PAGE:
You makes your choice and pays your money, but generally children enjoy the productions, even if we parents end up baffled by their meaning.
We’ve done a round up of some of the theatre groups which put on regular performances for children, as well as comment on some recent productions, so you can get a feel for the type, suitability and standard of what’s around.
‘Once Upon a Time’ (’07), and ‘In Search of the Missing Reindeer’ (’08), both at St James Cavalier, Valletta.
Kids verdict: great fun (3 and 6 yr olds). Both these productions were a suitable 1.5 hours long. You don’t really want more at that age. The beauty of St James Cavalier theatre is that it is ‘in the round’, and you are never more than a metre or so from the actors. As an adult, I love the venue, and can only begin to imagine how enthralling it is for children to be so close to the action. Also, it is easy to get the kids totally involved. During ‘In Search of the Missing Reindeer’, the cast got the kids singing, cheering and jeering, gave out penguin masks and got all the kids on ‘stage’ for a picture (which Curtain Raiser duly emailed). Also, sign up for St James Cavalier enews and you’ll never miss a good production there.
Cinderella Confidential (‘April 09), Manoel Theatre
This was less of a success perhaps because Curtain Raiser’s style thrives on interaction, which can’t be done well in a more traditional theatre. The girls (aged 4 – 7 yrs) enjoyed the Sunday matinee, but the since the story wasn’t the traditional one – it focused on what happens between the losing and finding of the glass slipper – the girls were baffled about why Cinders was never in in her ball dress.
The dialogue was fast and funky, but with jokes and vocabulary better suited to eight year olds and over. But the publicity material said it was suitable for ‘over 3s’; the matinee was full of bored, bamboozled pre-schoolers.
The Twitts (’07), James and The Giant Peach (Apr 09) both in MITP, St Christopher St, Valletta (they’ve also done Charlie and the Chocolate Factory).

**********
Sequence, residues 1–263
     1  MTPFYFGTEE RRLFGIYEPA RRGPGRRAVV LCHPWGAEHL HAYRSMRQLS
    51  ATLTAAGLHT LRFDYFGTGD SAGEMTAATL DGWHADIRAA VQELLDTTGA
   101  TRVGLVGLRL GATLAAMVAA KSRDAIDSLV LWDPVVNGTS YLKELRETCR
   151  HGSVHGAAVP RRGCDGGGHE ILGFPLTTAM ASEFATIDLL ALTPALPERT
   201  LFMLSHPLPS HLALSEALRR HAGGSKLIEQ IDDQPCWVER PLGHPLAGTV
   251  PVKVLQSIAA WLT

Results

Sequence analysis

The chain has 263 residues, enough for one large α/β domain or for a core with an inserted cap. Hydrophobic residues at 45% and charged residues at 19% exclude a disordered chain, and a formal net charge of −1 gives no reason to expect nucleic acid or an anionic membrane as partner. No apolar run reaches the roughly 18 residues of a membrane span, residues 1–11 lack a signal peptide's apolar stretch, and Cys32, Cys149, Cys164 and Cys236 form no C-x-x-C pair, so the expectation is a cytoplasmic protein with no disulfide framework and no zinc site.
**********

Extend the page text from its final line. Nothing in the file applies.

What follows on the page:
This is a group made up of University Students, so the performances are energetic but not overly ‘professional’. Roald Dahl is a winner with kids and even very young ones got something out of James and the Giant Peach. Older kids were spellbound by the production.
MITP is a good venue for kids (as long as they don’t fall off the scaffolding benches, which form the seating!). The studio setting is great for kids’ theatre as everyone has a clear view, and they can wriggle around without bashing the back of anyone’s seat. MITP has no website, but tickets are often sold via St James Cavalier; and its events are listed on maltaculture.com, the official government arts’ council site.
The Story of Babar – Music Room, St James, (Spring 09)
This hour-long musical cum drama production was brilliant (kids’ and adults’ comments). Sarah Spiteri is an accomplished violinist and ensures music is the key element of the action. She does a wonderful introduction to the musicians and instruments that accompany her. She is also excellent at storytelling and getting kids involved. Most kids were enthralled but the venue – more formal seating rows – meant some kids were fidgeting around and not concentrating as perhaps they couldn’t see well. However, with her next production….
The Carnival of the Animals, April 09, (photo above)
A great outdoor setting in gardens below the main road up to Castille, Valletta, which should be used more often for productions. We walked under the road arch from the Central Bank entrance to get there. The stage was at the right height for the kids to lean on it and gaze at the action…animals (and fossils?) springing up from all over the place in amazing costumes. Sarah’s group of musicians played serenely under sun umbrellas. All the kids seemed to be completely enthralled by the action, and the open air, no seating setting meant they could wriggle, wander around, go to the loo, ask questions, eat sweets…all without parents having to say ‘SHHH’, ‘sit STILL’ or squeeze past anyone. Verdict – perfect for all!
Mediterranean Conference Centre
Beauty and The Beast (Disney): Predictably spectacular with ticket prices to match (€25 to €65), kids from 4-8 in my group, they all loved it. As did the grandmother (without grandchildren in tow), who sat beside me. 2 hours, but no-one minded.
Sleeping Beauty (Moscow Ballet Theatre). No orchestra, which I really missed. Two and a half hours, but kids were restless from very early on. Luckily the theatre was half empty on Easter Sunday, so I could move back several rows and not worry about disturbing anyone.
Swan Lake on Ice (another Russian travelling company). Kids loved it; I didn’t (again no orchestra, but I guess you can’t have ice and musicians).
The Nutcracker (The Crown of Russian Ballet). Just took the 7 year old. It was a production by local kids, and my daughter loved seeing them in action.
Swan Lake (Bolshoi Ballet) 2007. Utterly brilliant; it even kept my two year old entertained!